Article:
How Burnout syndrome fuels turnover in tech companies
Burnout is an occupational phenomenon resulting from “chronic workplace stress that has not been successfully managed”
of the workers surveyed show a high risk of burnout
Techman loves what they do, but they feel pressured to work long hours, which leaves little time for personal life and creates work-life conflicts.
Often, techman turns to anti-patterns: short-term fixes to get the job done. When this happens day after day, with no space to recover mentally or physically, stress piles up.
Let's see what we found
Let's meet our enemies: Exhaustion, Self-Inefficacy, Cynicism, and Depersonalization. These are the 4 ghosts of Burnout and they are lurking on every corner, and techman must avoid them to get through unscathed.
The ghost of Exhaustion is usually the first to go after Tech-Man.
Once it catches Tech-Man, they feel emotional, creative, or physical exhaustion and are unable to unwind, and restore energy for the next day.
If exhaustion is sustained for long periods of time, Tech-Man can develop depression, cardiovascular problems, and other stress-related illnesses.
56% of IT professionals with high burnout risk can’t relax once their workday is over.
62% of the high burnout risk population feel physically and emotionally drained.
69% of women feel run-down and drained of physical and emotional energy after a workday, compared to 56% of men.
Self-inefficacy is a conman and it makes Tech-Man doubt their abilities to accomplish to-dos.
Once the ghost of Self-Inefficacy strikes, Tech-Man is overcome with a sense of ineffectiveness and lack of accomplishment. Eventually, they become unproductive and develop low morale.
Over time, they develop an emotional crisis that leads to procrastination and may end in "Imposter Syndrome".
51% of the high burnout risk population feel like they are achieving less than they should.
33% of the tech workforce with high burnout risk feel inefficient at their job.
You might think that team leaders would have a stronger sense of achievement, making them less vulnerable to this ghost. But there’s not a significant difference between ICs and managers.
Cynicism is the trickiest ghost Tech-Man has to face.
When it strikes, Tech-Man may act coldly towards people and no longer find satisfaction in finishing tasks or accomplishing goals. So they move slowly, carelessly, and are unproductive.
Once it strikes, it's the likeliest ghost to drive Tech-Man out of the job. In fact, Cynicism is the best predictor of turnover.
43% of the high burnout risk population feel less and less engaged in their work.
27% in the high burnout risk population don't see the value or purpose in what they do.
Individual Contributors report higher cynicism (28%) than managers (23%). Similarly, nearly 30% of ICs don’t know their purpose or value, compared to 24,3% of leaders who report the same.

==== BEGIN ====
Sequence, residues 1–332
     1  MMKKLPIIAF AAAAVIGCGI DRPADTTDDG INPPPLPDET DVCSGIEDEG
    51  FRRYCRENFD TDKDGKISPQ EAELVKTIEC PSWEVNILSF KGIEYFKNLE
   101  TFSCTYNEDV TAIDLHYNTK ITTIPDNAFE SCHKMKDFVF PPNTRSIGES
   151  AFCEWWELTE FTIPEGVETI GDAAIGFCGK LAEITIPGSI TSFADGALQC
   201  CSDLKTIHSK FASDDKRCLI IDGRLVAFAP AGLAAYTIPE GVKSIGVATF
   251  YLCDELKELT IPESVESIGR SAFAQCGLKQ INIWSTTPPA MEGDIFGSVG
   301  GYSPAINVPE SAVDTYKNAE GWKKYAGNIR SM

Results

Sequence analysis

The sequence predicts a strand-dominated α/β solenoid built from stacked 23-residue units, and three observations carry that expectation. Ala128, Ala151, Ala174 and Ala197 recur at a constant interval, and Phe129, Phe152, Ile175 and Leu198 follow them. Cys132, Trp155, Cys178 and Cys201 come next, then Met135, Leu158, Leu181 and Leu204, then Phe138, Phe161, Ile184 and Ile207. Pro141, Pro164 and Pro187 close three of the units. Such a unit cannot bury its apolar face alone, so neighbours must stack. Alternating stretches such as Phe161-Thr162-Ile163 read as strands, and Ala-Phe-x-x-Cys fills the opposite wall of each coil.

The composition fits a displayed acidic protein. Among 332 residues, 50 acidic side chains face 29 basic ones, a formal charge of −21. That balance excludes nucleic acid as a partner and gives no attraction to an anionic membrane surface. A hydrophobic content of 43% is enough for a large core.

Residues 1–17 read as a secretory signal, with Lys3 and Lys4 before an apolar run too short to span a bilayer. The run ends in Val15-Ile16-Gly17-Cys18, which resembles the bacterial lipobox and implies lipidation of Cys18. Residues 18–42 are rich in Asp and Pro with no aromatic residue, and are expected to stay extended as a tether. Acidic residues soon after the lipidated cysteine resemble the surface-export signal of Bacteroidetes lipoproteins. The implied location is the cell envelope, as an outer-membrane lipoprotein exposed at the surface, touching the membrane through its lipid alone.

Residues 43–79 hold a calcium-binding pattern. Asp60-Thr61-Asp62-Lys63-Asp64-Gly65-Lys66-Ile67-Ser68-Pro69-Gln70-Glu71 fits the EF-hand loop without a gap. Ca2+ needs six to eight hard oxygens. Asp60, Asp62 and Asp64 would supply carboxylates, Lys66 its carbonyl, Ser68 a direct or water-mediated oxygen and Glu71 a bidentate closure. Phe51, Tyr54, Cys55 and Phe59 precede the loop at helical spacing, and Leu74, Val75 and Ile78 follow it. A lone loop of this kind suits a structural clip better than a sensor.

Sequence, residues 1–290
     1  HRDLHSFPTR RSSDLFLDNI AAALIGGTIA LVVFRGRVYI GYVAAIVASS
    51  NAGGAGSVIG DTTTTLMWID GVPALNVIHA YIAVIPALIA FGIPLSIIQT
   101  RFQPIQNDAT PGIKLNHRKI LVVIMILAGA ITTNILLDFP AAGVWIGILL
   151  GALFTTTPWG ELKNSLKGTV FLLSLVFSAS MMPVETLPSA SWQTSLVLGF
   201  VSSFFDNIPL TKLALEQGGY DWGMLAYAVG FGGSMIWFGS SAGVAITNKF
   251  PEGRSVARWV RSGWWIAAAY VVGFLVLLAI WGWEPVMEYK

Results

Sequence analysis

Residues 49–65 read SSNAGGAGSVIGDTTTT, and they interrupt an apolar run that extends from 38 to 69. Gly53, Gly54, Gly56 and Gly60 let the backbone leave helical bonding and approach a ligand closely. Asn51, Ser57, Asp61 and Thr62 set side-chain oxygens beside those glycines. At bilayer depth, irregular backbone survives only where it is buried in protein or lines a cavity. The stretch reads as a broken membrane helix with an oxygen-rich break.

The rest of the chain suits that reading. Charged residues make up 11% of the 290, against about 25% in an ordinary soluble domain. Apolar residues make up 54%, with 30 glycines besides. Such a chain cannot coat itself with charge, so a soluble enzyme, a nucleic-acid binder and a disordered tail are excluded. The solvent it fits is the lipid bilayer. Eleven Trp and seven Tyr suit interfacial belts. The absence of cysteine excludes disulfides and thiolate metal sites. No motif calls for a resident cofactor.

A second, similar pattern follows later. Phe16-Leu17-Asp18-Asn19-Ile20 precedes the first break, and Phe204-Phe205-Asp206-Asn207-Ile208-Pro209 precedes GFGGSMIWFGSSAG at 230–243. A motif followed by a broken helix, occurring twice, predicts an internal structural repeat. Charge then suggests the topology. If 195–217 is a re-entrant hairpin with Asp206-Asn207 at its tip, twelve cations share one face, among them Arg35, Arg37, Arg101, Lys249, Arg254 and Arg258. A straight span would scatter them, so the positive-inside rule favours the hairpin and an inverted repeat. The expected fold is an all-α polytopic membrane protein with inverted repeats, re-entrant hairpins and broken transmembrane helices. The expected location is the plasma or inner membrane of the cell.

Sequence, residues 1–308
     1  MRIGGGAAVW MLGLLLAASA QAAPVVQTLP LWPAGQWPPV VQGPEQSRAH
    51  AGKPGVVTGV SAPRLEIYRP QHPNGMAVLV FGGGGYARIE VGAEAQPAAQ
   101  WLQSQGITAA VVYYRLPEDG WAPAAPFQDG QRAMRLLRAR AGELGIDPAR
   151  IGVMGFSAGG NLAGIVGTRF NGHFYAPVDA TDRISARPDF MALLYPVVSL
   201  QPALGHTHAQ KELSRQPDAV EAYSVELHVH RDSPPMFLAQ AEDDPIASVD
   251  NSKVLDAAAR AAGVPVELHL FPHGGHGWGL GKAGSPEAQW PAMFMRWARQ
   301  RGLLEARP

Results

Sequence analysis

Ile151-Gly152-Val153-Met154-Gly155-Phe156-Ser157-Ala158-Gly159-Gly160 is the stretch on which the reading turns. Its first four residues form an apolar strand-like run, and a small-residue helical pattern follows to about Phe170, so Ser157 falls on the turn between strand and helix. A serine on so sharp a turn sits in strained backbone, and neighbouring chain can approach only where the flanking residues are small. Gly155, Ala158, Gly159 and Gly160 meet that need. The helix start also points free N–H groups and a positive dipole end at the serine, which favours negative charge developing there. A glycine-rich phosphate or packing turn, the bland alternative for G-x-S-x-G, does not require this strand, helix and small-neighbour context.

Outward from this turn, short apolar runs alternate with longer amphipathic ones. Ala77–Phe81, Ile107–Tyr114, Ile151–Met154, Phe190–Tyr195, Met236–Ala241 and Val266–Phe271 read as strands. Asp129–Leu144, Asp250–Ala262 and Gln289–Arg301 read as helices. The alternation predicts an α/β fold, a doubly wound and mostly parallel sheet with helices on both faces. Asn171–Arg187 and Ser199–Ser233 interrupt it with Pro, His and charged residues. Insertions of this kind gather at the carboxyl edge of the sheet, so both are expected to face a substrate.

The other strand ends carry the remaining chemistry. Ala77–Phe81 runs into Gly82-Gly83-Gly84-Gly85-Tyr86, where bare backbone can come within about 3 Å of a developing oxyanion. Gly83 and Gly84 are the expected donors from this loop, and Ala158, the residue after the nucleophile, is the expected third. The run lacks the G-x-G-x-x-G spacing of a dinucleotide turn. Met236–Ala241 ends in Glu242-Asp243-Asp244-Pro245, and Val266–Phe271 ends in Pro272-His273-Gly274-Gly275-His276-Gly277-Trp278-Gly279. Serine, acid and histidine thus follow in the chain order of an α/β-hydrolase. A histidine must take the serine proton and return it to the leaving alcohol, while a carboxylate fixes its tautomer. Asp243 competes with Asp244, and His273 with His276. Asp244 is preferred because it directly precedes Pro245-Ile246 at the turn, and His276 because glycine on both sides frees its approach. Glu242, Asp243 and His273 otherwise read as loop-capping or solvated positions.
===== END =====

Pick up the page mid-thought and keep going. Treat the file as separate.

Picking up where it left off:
This ghost's signature attack is exploiting an emotional defense mechanism where Tech-Man shuts down emotions in order to cope and continue working.
After Tech-Man is struck by Depersonalization, they become cold and distant towards colleagues, clients and superiors.
Lacking a sense of community, they may even compromise the working environment with a bad and callous attitude.
22% of the high burnout risk population feel that they are harder and less sympathic with people that they work with than they deserve.
26% of the high burnout risk population are worried that their job in IT is making them harsher emotionally.
29% of women worry about their job making them emotionally harsher compared to 23% of men. This may lead to a deterioration of relationships in the workplace.
Work-related stress is produced when there is an imbalance between the job's demands and its resources:
When demands exceed resources, the techman experiences tension and this can lead to distress. If this persists, the techman exhausts their resources and falls into a state of burnout.
When there is an equilibrium between high job demands and resources, the techman feels challenged and empowered and this leads to the feeling of flow. This, in time, leads to high work-engagement and productivity.
But don't assume that given a set of JD-R, every techman will react the same way. Personality traits, their history and career path will influence how they perceive their situation:
Someone with less social skills may perceive a meeting as a stressor; while someone with a lot of ability may feel they don't perform at the level their role requires, falling into feelings of self-inefficacy.
Tech-Man is very committed when it comes to their job and also really likes what they do. They always tackle any difficulties that come up because they value the sense of challenge it brings them. Often, Tech-Man will find themselves in productive flow states :)
Tech-Man feels exhausted, without any strength or will to work. They don’t feel like they are contributing, and they’re unsatisfied with their tasks. Usually, they’re also feeling low levels of perceived self-efficacy and may feel stress from relationships with managers, peers, customers, etc.
The Tech-Man's job feels mundate, but they do it to make a living. They don't necessarily enjoy the work, but don't resent it either. They just do what they have to without looking for any kind of extra engagement.
Tech-Man feels low motivation, and doesn't want to do their job as it feels tedious and a waste of time. There's no real interest in completing any task as they're not challenging, thus it doesn't seem like the best use of the Tech-Man's time and skills.